FKA Twigs took some time out after laparoscopic surgery, and her return heralds a sonic shift for the typically trippy singer. Stripped all the way back to a simple piano line and her eerie voice, “Cellophane” showcases Twigs’ obsession with desire, repulsion, and the opaque spaces between two people. —Estelle Tang



“King James” by Anderson .Paak

One great tips his hat to another on Anderson .Paak’s “King James,” which celebrates basketball legend Lebron James—particularly his generosity and community spirit amid ongoing racism and oppression. “And we salute King James for using his chains / To create some equal opportunities,” sings the California rapper on the lead single from his fourth album, Ventura. —Estelle Tang



“Juicy” by Doja Cat

I’m asking everyone to say a prayer for me. There’s nothing wrong me per se—it’s just that I can’t stop listening to Doja Cat’s bouncy track “Juicy.” It’s three minutes of pure magic and the most important song in my Spotify Heavy Rotation library. The airy, bubbly synths and Doja’s flirty lyrics about her, well, booty, have the power to make me shake what the good Lord gave me. It also cleared my acne and gave me a healthy glow. —Nerisha Penrose



“Old Town Road (Remix)” by Lil Nas X ft. Billy Ray Cyrus

You can’t escape “Old Town Road”—not that you’d want to. The plaintive song first blew up on TikTok, then the Billboard charts, including the Hot Country Songs chart….before it was quietly removed. The move wasn’t enough to deter the burgeoning star, so what does he do? Recruit Billy Ray freaking Cyrus for a remix. The rap/country hybrid is built around a thick thumping bass and banjo strums, and begins with Cyrus singing the chorus; he also returns at the end with mic-drop worthy bars. —Nerisha Penrose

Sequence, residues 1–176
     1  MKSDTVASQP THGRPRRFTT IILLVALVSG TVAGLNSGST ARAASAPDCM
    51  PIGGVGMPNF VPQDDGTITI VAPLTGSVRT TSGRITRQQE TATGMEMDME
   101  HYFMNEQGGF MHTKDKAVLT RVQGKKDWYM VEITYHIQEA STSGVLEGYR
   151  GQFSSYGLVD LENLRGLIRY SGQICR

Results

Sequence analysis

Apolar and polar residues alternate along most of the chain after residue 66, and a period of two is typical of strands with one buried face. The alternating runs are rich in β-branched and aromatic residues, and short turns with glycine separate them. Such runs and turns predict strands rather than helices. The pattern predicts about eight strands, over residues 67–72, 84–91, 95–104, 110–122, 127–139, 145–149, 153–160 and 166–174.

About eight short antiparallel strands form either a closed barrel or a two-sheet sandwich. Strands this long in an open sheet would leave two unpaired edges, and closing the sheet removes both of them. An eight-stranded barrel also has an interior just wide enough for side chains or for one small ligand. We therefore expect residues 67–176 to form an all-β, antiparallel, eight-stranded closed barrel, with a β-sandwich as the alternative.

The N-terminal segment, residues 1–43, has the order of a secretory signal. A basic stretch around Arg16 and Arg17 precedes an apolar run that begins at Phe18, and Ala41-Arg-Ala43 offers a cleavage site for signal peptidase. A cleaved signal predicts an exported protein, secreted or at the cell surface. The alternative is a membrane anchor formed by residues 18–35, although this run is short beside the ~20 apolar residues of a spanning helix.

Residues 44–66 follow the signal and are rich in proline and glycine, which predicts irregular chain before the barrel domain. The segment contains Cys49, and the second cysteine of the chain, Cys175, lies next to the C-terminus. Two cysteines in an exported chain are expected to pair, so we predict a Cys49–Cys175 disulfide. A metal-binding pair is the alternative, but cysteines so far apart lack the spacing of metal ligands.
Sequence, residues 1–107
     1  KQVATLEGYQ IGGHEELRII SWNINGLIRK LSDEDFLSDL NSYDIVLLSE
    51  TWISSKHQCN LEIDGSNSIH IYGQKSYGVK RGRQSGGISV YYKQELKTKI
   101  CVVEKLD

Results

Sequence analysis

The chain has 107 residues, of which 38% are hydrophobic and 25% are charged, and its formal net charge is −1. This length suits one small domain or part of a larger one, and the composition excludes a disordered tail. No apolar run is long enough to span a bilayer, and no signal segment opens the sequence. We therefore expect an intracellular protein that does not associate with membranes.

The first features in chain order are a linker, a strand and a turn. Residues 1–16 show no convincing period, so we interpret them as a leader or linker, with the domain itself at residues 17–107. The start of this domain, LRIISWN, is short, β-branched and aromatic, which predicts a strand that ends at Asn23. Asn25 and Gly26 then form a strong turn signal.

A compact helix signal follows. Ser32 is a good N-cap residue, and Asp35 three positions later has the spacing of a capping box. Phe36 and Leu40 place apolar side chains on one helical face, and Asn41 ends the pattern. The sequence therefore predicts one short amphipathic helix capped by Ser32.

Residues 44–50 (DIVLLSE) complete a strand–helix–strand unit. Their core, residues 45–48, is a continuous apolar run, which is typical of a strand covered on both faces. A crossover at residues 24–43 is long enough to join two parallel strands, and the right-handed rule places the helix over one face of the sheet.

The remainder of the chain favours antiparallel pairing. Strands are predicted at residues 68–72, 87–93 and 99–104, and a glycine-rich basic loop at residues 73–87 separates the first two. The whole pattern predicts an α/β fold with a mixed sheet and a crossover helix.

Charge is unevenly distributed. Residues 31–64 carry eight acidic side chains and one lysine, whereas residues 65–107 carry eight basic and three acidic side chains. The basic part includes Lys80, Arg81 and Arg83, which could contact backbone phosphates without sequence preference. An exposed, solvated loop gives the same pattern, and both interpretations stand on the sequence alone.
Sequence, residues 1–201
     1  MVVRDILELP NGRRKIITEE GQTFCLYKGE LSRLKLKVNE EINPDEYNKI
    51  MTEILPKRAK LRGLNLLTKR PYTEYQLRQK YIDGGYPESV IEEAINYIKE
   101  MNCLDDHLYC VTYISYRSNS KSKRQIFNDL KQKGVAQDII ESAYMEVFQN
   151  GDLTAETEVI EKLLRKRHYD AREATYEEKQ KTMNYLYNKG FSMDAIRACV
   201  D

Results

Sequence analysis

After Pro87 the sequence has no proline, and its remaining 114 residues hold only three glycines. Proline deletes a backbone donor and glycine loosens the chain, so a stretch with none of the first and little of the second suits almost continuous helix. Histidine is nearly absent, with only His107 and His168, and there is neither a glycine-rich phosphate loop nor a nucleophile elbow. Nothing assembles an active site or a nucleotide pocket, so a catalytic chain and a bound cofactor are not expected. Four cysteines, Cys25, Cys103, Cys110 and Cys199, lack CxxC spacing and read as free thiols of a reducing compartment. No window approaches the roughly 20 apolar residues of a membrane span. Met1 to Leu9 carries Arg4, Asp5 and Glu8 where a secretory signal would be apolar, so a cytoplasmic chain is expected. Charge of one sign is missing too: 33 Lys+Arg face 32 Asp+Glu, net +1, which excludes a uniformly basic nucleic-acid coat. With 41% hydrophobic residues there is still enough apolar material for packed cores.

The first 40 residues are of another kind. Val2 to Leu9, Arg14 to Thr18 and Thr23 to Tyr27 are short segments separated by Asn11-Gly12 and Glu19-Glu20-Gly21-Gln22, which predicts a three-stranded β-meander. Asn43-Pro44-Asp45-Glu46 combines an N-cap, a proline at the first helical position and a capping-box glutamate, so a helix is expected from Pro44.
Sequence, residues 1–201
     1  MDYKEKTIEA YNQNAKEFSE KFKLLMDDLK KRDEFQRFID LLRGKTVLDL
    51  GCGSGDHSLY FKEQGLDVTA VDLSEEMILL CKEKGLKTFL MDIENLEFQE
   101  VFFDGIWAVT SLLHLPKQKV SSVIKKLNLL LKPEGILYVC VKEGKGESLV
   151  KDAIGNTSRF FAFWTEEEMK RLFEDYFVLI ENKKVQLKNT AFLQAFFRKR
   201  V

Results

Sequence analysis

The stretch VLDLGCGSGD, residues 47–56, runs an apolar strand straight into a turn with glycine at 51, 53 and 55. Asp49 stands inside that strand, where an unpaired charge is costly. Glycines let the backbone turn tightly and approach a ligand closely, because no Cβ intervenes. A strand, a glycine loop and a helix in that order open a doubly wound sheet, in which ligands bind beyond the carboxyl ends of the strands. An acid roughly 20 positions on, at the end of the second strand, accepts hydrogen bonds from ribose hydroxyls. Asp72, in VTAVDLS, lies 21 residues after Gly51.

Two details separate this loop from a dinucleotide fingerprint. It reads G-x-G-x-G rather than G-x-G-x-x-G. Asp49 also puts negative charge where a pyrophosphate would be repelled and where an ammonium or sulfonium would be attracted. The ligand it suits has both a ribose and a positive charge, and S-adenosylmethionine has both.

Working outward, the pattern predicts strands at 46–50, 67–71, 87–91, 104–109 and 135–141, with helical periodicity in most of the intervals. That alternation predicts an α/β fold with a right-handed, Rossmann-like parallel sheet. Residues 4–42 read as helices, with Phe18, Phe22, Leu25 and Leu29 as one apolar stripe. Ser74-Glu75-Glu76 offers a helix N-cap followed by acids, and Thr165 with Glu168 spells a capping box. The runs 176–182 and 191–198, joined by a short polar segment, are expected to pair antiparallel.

“Binz” by Solange

In the self-filmed video for “Binz,” Solange is all smiley and bubbly as she twerks to the groovy, jazz-inflected melody. So, of course, suddenly you find yourself all smiley and bubbly and twerking. On “Binz,” Solange dreams of the living a lavish life, like waking up “to the suns and Saint Laurent” and getting out of bed on “CP time.” Same, sis. —Nerisha Penrose



“Sucker” by the Jonas Brothers

Sorry, but this song is just really good. Harry Potter put a spell on me or something, because I’m totally powerless in the face of this pop comeback. What with its nostalgic boy-band appeal and impeccably catchy swagger (not to mention the adorable video starring IRL Jonas partners Sophie Turner, Priyanka Chopra, and Danielle Jonas), “Sucker” does what it says on the package. You got me, Jonii! —Estelle Tang



“Handmade Heaven” by Marina

Marina’s “Handmade Heaven” is a breath of fresh air. Expressing the desire to truly belong, in a time when it’s so easy to feel lost and overwhelmed, she tries to navigate her place in the world and it’s easy to relate to her honest lyrics. —Starr Bowenbank